Monument to the Discoveries: Exhibition "Architects Are Poets Too" | Cottinelli Telmo 1897-1948

Don´t miss the exhibition "Architects Are Poets Too" in the Monument to the Discoveries, in Belém quarter, Lisbon, until April 6th.

So said Cottinelli Telmo, the creator of the Monument to the Discoveries, insisting that architects should have the right and freedom to assert their subjectivity, elude rationality and circumvent material constraints. His words also sum up the way in which he saw architecture: in communion with all arts and disciplines.

An exceptional creator and a man of many talents, Cottinelli was an unusual combination of intuition and intelligence, culture and sensitivity. A virtuoso draughtsman with an effervescent sense of humour, his enthusiasm was contagious. He was constantly alive to his surroundings, always on the lookout for new experiences and driven by a boundless curiosity. His personality was complex and full of nuances, eschewing a linear path. The same was true of his career, which was punctuated by frequent successes, but also by doubts and hesitation.

With the help of the archives and collections of various public institutions, this exhibition brings together rarely-seen pieces and unpublished material in order to paint a picture of Cottinelli Telmo immersed in his creative process, giving body to his ideas and form to the conjuring of his unstoppable imagination.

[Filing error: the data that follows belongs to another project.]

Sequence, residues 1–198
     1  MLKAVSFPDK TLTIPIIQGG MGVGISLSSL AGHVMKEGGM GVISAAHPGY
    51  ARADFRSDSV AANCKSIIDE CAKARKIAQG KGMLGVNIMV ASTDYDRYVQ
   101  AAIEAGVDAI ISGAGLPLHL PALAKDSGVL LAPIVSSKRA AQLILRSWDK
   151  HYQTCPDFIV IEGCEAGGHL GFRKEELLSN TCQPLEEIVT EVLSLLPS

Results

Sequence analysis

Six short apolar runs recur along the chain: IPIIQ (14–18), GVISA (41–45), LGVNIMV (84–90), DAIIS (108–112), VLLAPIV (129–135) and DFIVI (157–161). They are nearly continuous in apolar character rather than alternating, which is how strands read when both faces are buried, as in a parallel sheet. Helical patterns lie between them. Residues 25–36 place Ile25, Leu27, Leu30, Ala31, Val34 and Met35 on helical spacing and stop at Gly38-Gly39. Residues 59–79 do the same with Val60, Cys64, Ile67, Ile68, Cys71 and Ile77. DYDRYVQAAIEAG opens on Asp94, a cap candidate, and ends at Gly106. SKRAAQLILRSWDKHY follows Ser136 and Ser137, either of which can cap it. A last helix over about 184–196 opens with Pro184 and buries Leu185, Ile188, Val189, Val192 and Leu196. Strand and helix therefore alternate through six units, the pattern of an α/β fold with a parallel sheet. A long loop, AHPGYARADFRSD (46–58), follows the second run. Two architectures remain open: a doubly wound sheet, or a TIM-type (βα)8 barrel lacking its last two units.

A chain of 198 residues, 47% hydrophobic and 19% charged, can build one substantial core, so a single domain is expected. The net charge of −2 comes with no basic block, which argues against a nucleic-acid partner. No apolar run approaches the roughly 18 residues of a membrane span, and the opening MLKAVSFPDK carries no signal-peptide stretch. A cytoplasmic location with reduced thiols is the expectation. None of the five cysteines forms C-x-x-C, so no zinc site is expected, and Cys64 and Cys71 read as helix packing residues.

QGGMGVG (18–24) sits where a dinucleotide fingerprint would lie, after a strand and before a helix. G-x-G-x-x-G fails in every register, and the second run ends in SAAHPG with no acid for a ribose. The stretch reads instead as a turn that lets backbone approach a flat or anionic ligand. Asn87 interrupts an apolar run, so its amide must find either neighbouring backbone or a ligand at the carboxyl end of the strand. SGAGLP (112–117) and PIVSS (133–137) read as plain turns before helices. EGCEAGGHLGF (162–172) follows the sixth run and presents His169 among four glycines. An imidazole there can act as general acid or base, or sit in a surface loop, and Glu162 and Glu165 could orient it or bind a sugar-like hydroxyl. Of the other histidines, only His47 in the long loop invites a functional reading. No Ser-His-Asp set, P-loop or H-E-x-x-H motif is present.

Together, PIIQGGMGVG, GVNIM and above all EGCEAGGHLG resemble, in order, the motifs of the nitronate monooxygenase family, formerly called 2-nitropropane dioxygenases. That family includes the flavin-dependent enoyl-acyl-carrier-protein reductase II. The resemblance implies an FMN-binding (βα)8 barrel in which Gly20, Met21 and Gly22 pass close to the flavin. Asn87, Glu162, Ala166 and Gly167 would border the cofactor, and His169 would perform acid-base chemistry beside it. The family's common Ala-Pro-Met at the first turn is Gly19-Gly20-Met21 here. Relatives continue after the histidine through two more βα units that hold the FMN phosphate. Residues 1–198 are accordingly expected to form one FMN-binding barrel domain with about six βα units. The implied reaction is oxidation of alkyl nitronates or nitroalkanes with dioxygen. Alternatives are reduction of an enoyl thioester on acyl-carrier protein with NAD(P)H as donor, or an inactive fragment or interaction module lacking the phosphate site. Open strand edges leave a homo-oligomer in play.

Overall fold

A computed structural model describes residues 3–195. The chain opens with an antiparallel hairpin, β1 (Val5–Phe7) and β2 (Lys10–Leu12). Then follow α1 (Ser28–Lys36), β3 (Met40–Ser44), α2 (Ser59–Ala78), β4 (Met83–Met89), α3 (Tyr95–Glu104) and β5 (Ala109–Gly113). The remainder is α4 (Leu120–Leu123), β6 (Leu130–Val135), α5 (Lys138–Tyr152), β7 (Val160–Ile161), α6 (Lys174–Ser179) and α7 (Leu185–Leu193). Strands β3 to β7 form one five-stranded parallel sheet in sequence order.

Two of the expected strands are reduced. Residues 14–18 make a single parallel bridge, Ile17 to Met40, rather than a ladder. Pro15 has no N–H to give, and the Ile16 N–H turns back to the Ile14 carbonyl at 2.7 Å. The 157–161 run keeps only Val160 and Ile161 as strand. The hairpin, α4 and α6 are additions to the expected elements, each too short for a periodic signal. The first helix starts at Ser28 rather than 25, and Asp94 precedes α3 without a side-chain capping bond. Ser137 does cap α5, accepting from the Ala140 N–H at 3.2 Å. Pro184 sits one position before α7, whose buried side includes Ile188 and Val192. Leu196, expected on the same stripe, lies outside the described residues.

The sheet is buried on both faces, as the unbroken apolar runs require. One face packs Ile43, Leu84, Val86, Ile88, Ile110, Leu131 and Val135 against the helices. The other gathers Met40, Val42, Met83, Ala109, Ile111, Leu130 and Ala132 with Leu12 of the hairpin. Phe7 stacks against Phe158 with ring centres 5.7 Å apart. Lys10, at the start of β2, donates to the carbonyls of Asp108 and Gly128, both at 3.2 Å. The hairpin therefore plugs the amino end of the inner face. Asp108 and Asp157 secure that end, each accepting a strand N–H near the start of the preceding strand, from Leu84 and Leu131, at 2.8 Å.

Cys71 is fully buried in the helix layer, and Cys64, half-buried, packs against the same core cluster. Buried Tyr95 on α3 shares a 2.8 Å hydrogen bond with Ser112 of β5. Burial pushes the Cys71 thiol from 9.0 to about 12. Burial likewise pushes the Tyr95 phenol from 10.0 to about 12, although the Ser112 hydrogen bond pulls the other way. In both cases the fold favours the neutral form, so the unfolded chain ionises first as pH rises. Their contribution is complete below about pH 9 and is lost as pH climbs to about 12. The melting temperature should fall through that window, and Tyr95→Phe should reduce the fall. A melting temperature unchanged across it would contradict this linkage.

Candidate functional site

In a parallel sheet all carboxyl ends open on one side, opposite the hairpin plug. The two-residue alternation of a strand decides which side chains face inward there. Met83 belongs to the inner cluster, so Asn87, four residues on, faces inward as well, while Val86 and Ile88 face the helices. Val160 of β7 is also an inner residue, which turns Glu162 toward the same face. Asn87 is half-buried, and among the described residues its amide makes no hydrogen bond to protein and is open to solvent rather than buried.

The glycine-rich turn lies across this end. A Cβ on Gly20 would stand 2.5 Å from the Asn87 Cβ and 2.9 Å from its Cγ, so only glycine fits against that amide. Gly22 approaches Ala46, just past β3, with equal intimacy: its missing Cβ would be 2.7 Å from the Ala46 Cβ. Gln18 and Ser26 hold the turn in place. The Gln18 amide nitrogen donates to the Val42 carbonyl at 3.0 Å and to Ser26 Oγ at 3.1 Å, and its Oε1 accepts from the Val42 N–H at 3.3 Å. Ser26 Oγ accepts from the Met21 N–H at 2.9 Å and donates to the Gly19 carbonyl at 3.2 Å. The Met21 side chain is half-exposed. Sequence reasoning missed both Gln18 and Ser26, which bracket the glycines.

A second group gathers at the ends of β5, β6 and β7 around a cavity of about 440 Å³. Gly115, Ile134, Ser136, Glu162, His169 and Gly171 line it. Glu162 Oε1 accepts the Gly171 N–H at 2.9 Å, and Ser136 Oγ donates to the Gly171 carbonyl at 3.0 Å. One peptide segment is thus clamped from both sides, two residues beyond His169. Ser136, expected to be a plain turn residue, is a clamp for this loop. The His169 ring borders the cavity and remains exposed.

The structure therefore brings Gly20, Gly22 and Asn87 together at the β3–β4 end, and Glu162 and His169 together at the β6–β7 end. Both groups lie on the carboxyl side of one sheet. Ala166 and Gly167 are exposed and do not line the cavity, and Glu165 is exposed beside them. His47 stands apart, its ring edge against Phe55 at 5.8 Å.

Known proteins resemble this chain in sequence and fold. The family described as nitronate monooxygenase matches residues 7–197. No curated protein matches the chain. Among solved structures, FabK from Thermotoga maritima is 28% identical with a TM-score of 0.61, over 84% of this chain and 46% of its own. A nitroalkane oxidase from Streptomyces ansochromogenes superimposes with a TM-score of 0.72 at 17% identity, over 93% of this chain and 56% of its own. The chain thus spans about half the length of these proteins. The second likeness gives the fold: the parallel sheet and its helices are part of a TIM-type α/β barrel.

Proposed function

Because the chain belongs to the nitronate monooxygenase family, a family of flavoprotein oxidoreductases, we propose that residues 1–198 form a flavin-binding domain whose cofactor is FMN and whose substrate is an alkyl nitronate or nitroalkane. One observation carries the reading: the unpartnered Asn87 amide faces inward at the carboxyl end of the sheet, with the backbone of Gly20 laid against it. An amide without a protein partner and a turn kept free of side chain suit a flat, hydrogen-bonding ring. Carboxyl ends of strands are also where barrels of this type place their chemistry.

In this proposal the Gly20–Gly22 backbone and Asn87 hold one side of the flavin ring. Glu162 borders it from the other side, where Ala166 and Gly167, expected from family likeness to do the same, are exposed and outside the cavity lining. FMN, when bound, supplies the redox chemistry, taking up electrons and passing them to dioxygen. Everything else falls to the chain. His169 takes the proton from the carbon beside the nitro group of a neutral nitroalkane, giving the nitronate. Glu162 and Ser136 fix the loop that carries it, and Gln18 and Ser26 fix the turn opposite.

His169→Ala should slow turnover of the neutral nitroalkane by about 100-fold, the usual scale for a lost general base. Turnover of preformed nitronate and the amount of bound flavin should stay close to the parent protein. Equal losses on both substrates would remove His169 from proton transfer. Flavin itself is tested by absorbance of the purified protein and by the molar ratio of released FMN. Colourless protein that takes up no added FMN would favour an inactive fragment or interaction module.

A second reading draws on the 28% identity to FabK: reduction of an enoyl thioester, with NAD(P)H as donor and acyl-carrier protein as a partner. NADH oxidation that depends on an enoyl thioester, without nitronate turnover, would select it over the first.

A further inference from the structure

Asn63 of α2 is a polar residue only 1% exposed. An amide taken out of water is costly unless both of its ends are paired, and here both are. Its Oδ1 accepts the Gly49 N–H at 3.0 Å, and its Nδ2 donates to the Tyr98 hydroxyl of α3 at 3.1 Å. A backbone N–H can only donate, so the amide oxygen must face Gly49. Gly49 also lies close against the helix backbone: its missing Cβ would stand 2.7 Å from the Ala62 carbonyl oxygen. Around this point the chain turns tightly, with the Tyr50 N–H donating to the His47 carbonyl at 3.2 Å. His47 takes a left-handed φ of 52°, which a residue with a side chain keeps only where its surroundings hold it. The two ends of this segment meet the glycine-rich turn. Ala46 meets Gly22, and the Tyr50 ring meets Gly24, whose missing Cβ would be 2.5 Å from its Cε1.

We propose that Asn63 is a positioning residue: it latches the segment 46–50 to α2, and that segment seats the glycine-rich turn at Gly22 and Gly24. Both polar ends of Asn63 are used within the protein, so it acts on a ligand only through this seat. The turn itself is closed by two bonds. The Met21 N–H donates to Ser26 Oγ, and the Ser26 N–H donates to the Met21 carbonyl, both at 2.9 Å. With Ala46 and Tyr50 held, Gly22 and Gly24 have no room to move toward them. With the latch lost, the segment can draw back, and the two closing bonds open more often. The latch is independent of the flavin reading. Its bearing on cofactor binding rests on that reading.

A Creative Life
José Ângelo Cottinelli Telmo (Lisbon, 1897–Cascais, 1948) is a unique figure in 20th century Portuguese culture. His creations continue to influence the country’s imaginative life to this day. In the early 20th century, Lisbon’s cultural scene was small and insular, but it was eager for novelties and change. New media such as the press, film and exhibitions were a source of fascination for young creative people. Cottinelli soon set out to test every new format, and in all of them he became one of the major proponents among the generation that lived through that effervescent period.

As an architect he worked for the Companhia dos Caminhos de Ferro Portugueses (CP, the national rail company) and was a member of state departments, but he also ran his own private studio. He tried his hand at ballet, musical composition, photography and art criticism, and also worked as a journalist and editor. He played a stand-out role in the history of comic book art and film in Portugal. His creations were pioneering and acted as models, opening up the way for others to follow, and instrumental in making these disciplines accessible to the public.

As Cottinelli’s creative work evolved, some compromises certainly had to be made due to the conservative forces that dominated the country. However, he never lost his sense of alertness and lucidity, which led him to oppose the most reactionary, academically retrograde and backward-looking attitudes.

When we think of Cottinelli, we see the image of someone constantly committed to inspiring the creative types whom he gathered together and mentored. And yet, in spite of all this, he also experienced loneliness due the smallness of the artistic world at the time.

07.12.2014 / 28.02.2015 – Tuesday to Sunday 10 a.m.06 p.m. (last admission 05.30 p.m.)
01.03.2015 / 06.04.2015 – Everyday – 10 a.m. – p.m. (last admission 06.30 p.m.)

No comments:

Post a Comment